TESH-drive transformable screw-propelled vehicle




Screw-propelled vehicles are not new. They are rare and unusual. But they’re not new. The Russians are particularly fond of them, partly due to the inhospitable terrain which covers much of the country’s frozen expanse. Screw-propelled vehicles have even been used by the Soviet space ministry for picking up returning cosmonauts who had landed in areas difficult to access by road.

However, despite their ability to keep moving over ground where a tracked-vehicle might find it difficult, and a wheeled-vehicle wouldn’t stand a chance, screw-propelled vehicles do have some major drawbacks. Firstly they’re quite slow. But secondly, and more seriously, they pretty much tear up the land as they pass over it. And they’re next to useless on a hard surface like a road.

But step forward Russian inventor Alexey Burdin. He has come up with a prototype system which can overcome the weaknesses of a screw-propelled vehicle, while also maintaining all the benefits. His system, called TESH-drive transformable worms, uses a heavy-duty, Kevlar-reinforced inflatable tube wrapped tightly around the screw. When the tube is deflated the screws are able to bite into the ground and power the vehicle forward through difficult terrain, including mud, swamps, snow and ice, and even through water. However, when it comes time to get back on the road, the tubes can be inflated to fill the space in-between the screws and create a soft surface for the vehicle to ride on without damaging the surface underneath.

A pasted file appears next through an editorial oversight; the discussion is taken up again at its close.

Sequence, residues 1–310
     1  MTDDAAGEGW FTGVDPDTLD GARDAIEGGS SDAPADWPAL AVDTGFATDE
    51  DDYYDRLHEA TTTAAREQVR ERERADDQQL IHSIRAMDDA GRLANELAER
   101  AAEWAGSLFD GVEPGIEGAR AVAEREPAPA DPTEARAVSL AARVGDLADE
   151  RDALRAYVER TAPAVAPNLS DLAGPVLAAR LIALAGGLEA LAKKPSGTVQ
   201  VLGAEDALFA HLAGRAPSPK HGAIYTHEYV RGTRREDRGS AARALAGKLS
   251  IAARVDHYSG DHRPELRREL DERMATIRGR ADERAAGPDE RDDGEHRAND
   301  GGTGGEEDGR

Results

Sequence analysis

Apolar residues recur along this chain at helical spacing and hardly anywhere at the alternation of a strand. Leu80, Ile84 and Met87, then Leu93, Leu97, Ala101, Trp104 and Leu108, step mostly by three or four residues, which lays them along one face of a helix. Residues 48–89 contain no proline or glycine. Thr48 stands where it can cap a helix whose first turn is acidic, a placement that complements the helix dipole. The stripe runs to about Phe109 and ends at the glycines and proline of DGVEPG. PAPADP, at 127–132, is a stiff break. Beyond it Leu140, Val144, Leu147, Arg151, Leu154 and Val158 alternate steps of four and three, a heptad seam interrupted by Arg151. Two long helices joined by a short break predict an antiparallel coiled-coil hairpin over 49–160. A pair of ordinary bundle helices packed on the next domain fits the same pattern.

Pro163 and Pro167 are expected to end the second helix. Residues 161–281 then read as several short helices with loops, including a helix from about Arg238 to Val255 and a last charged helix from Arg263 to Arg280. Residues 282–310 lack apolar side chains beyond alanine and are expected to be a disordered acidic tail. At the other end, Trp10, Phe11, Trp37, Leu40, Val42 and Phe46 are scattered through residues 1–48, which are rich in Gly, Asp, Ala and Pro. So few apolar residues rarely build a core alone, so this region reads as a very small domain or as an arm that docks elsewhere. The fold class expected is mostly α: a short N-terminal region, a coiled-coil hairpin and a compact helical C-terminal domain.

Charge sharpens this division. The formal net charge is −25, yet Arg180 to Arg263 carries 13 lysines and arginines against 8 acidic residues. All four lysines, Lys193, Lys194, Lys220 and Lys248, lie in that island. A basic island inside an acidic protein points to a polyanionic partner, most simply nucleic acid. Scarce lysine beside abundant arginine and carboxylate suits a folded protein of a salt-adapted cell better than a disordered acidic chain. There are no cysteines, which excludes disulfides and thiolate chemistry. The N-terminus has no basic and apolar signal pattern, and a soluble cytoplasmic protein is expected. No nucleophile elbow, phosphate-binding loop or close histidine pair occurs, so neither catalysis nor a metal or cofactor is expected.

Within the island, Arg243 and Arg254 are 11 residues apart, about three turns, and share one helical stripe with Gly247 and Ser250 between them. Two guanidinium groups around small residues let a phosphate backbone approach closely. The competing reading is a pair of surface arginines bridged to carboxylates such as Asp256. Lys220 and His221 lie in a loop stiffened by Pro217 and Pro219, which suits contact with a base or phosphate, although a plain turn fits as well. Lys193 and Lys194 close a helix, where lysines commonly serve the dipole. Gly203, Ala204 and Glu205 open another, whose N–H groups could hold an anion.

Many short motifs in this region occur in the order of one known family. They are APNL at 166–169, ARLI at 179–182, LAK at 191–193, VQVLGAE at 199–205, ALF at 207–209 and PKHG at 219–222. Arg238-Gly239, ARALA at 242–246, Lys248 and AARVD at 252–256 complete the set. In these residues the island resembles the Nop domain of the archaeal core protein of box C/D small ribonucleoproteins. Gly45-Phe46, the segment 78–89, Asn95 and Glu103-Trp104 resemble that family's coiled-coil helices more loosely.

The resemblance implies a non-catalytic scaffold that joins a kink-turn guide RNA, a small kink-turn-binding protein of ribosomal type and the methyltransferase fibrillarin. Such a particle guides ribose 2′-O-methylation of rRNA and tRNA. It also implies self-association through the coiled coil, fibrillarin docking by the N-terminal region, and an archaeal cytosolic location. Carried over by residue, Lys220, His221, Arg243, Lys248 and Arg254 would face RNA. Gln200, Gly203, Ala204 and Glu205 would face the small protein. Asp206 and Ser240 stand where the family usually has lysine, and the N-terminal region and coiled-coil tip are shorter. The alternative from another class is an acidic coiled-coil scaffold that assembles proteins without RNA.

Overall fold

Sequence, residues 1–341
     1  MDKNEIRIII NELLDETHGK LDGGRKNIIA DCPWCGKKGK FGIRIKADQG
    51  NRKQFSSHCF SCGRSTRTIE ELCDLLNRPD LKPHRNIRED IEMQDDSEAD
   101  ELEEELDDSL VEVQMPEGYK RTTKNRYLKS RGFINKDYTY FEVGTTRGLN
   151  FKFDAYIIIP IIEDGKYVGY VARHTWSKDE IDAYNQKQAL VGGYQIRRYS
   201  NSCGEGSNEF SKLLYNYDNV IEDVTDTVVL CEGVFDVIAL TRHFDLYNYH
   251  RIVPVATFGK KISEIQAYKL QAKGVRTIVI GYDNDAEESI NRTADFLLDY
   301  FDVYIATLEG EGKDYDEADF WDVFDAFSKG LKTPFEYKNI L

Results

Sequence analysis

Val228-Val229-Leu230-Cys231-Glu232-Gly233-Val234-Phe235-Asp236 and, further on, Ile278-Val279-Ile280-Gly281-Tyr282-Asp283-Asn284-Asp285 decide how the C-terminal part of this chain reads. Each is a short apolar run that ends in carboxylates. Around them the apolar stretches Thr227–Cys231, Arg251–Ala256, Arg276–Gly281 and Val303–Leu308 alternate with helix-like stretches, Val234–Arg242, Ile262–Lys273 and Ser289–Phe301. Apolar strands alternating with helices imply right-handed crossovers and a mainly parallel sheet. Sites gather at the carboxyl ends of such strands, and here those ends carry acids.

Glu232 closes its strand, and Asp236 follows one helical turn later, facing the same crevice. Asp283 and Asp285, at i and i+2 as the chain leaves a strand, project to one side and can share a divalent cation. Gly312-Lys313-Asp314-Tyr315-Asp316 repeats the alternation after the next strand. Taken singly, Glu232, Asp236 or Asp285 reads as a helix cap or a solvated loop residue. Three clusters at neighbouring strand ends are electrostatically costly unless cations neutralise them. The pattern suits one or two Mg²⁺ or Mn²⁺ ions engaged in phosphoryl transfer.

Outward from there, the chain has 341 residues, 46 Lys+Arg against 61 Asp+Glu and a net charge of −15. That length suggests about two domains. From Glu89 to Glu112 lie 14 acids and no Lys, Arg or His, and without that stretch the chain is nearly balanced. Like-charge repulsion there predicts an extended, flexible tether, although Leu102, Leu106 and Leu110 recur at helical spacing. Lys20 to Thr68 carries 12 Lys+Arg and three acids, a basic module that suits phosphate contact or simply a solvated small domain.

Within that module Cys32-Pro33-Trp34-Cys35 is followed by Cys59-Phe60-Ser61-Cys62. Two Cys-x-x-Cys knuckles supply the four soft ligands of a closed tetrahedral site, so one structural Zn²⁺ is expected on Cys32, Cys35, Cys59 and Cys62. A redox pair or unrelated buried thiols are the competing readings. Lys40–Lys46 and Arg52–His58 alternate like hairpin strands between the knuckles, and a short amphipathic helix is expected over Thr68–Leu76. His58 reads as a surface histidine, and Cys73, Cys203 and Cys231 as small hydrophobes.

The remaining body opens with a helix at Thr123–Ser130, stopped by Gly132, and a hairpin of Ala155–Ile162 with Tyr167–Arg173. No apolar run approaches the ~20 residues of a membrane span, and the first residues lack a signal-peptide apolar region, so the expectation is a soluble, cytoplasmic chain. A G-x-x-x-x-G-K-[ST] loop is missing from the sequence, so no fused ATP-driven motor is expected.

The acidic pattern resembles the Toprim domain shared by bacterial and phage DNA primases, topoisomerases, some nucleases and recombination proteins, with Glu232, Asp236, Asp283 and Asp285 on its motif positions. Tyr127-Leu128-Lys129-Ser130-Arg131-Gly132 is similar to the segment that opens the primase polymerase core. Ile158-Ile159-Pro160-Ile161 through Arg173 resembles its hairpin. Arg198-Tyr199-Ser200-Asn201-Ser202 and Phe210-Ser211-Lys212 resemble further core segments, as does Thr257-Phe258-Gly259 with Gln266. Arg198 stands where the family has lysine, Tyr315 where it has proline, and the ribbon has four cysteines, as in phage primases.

TESH toy model

Burdin, an engineering graduate of the Saint Petersburg State Mining Institute and Technical University, has been working on his innovative concept for number of years, but the project has recently taken a major step forward as it has recently secured the first sponsor, in the form of Licota Tools. He is also in talks with the tire manufacturer Continental to take the idea to the next level.

As well as looking to create a highly capable off-road system for both civilian and military vehicles. Burdin is also exploring the more light-hearted idea of using the system in a range of remote-control toys, and for use in computer game vehicles.

Thanks to Alexey for the update. Source: D-Lord.ru




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